Posted on January 27, 2016 by Rose Marie
When mache is ready to pick in January it is a cause for celebration. This little plant is tender, with a smooth texture and has a long season to harvest. We like the tender young plants and use them as we thin. Later we pick the larger leaves until mid spring. The first salad we make is this traditional salad of mache, beets and lightly toasted walnuts.
Fresh mache, 2 cups, rinsed
Beets, roasted and sliced (4)
Walnuts, lightly toasted (10)
1/2 teaspoon sugar, optional
1/2 cup red wine vinegar
Butter lettuce or radicchio
Build your salad on a small platter or individual plates. Layer with lettuce, radicchio or other tender greens. Slip skins from beets before slicing. I like to slice my beets in half and then cut vertically but if you are using a cylindra beet slice in rounds. Roast beets or cook in a pressure cooker. See below:
Toast walnut halves in a small skillet set low or in a 375 degree oven for five minutes. Sprinkle with a little sugar when they are toasted. As the nuts cool break these halves not 2-3 pieces. Place mache leaves over your beets and then
sprinkle with nuts. I sometimes toss a few green onion slices or chives over the
top, some people like to add a few pieces of goat cheese or feta. Drizzle with a
touch of olive oil and a bit of salt. It is a classic French salad and I urge you to try this, it’s like the first bite of spring.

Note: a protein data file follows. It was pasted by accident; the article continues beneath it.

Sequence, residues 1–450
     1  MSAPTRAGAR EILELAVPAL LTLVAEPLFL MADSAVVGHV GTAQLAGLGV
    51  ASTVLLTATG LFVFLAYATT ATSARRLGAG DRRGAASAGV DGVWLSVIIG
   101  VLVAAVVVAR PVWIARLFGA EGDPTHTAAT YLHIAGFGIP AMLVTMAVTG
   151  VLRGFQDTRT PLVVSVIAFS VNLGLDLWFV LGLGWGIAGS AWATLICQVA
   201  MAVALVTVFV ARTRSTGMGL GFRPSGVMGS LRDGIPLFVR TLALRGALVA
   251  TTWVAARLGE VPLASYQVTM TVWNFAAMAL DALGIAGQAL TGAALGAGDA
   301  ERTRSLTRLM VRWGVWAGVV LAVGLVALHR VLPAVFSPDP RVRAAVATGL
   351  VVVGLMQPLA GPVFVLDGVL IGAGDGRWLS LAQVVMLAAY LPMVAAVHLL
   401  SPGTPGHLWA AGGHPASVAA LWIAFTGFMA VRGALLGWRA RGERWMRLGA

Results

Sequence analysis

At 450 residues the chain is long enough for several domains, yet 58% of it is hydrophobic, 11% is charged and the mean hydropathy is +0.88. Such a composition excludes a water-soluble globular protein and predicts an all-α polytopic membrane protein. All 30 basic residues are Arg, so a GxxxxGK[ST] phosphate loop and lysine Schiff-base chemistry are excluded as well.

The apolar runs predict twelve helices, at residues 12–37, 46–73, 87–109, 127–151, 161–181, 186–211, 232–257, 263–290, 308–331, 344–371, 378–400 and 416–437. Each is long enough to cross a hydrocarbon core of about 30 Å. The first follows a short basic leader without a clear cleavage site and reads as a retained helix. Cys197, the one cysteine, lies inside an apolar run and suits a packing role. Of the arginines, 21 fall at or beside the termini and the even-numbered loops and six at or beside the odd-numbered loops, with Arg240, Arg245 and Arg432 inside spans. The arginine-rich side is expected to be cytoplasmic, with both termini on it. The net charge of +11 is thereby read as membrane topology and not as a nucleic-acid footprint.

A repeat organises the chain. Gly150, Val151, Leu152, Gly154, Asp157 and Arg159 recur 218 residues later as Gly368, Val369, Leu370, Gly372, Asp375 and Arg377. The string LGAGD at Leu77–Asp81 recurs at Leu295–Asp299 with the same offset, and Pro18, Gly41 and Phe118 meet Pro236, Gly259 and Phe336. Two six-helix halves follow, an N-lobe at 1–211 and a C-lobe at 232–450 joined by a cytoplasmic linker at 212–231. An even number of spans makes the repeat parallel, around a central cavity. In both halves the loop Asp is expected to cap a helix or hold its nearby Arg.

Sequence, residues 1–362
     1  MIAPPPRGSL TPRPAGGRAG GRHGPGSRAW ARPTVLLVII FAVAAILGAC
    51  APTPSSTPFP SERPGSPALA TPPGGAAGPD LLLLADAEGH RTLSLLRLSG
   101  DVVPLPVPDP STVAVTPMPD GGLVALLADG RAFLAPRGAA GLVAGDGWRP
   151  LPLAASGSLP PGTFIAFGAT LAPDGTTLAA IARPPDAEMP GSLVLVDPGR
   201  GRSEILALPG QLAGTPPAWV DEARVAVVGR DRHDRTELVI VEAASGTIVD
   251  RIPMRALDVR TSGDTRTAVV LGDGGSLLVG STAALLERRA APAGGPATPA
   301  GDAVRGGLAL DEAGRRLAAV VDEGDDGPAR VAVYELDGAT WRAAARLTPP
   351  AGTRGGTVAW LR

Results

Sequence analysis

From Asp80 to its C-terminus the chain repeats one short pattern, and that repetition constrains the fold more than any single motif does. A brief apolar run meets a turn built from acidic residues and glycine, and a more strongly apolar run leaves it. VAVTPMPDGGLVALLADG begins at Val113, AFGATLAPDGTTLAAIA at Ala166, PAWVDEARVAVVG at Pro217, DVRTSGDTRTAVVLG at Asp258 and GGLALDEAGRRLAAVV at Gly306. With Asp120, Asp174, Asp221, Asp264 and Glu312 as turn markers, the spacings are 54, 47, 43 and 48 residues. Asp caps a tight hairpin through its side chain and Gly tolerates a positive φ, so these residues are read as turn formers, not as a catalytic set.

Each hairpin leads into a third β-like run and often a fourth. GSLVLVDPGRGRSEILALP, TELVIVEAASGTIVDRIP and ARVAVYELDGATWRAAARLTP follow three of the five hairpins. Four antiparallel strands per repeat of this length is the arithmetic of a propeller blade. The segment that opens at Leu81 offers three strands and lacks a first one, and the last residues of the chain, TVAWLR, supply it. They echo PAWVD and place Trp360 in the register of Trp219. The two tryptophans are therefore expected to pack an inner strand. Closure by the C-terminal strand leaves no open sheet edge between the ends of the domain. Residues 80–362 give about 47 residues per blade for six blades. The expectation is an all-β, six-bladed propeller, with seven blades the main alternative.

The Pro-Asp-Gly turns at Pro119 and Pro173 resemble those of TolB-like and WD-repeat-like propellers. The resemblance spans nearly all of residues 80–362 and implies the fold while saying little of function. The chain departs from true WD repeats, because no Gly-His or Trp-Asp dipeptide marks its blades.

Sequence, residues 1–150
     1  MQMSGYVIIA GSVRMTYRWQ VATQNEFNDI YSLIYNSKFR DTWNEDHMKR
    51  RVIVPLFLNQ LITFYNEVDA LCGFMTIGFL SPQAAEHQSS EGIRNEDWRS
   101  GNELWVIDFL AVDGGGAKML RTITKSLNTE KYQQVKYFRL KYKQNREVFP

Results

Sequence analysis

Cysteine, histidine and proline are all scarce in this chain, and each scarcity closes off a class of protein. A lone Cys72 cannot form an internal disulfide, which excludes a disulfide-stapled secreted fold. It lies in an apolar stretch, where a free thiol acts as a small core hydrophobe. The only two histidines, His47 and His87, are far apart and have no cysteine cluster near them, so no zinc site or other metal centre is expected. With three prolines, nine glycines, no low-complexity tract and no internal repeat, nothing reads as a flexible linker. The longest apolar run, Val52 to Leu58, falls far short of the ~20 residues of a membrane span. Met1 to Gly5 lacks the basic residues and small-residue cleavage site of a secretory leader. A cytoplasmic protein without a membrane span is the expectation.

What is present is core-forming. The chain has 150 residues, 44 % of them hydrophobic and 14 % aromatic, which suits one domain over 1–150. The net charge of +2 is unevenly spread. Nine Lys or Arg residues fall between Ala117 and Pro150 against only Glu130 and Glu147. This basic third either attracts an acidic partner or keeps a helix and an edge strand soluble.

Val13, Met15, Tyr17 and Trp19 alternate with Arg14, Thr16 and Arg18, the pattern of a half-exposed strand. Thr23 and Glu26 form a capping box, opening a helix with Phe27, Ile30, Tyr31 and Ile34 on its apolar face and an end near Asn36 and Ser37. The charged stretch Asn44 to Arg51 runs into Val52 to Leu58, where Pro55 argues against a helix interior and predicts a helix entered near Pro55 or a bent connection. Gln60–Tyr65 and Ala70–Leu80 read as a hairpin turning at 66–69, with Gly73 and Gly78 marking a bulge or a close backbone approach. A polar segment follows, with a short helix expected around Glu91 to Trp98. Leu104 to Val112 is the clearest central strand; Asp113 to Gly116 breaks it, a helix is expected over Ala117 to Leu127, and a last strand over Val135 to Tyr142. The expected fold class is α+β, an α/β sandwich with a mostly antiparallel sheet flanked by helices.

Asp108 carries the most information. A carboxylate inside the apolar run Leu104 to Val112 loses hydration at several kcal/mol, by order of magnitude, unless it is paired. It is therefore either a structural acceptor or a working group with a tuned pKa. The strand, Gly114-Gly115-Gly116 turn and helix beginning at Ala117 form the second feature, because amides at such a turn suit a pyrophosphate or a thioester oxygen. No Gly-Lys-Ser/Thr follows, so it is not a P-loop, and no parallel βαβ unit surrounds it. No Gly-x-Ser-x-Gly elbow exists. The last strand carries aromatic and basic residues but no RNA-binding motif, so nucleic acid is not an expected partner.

Pressure cooking beets. Add a perforated steamer and enough water to just come to the edge. This is fast but inconsistent and I’ve needed to cook these beets anywhere from 5 to 15 minutes depending on size and maturity. So far they come out like roasted beets with their juices retained and tender. I usually cook enough for another salad as cooked beets last several days when refrigerated.
Filed under: Food, garden, salad | Tagged: beets, French salad, mache | Leave a comment »
Posted on January 11, 2016 by Rose Marie
It seems we’ve moved into that time of year when a good selection of food from the garden becomes a bit scarce, what in olden times was called The Hungry Gap. Making a salad becomes a mix of what is in the house and garden. Yesterday’s salad was based around the ever reliable kale. It’s getting a little tough but stripping it off the stem, tearing it into small pieces and then massaging with a small amount of olive oil renders it rather succulent.
We’re offering a new garbanzo this year, Organic Black Kabuli Beans. The skin is very dark, almost black. Decided to simmer it three minutes like we often do with any bean. Set it aside and tasted a bean that was nearly cooked, gave it another round of three minutes at a steady simmer and repeated. So all in all pretty impressed and it has a fine flavor.